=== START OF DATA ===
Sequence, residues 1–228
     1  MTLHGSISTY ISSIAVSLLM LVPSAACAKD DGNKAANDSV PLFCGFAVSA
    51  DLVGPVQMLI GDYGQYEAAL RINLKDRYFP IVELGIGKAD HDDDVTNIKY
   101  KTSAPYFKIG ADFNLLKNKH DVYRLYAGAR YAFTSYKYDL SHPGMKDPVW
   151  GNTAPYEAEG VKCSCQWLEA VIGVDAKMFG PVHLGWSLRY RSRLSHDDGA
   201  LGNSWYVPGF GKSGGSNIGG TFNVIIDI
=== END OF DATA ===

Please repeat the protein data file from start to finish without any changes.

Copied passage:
Sequence, residues 1–228
     1  MTLHGSISTY ISSIAVSLLM LVPSAACAKD DGNKAANDSV PLFCGFAVSA
    51  DLVGPVQMLI GDYGQYEAAL RINLKDRYFP IVELGIGKAD HDDDVTNIKY
   101  KTSAPYFKIG ADFNLLKNKH DVYRLYAGAR YAFTSYKYDL SHPGMKDPVW
   151  GNTAPYEAEG VKCSCQWLEA VIGVDAKMFG PVHLGWSLRY RSRLSHDDGA
   201  LGNSWYVPGF GKSGGSNIGG TFNVIIDI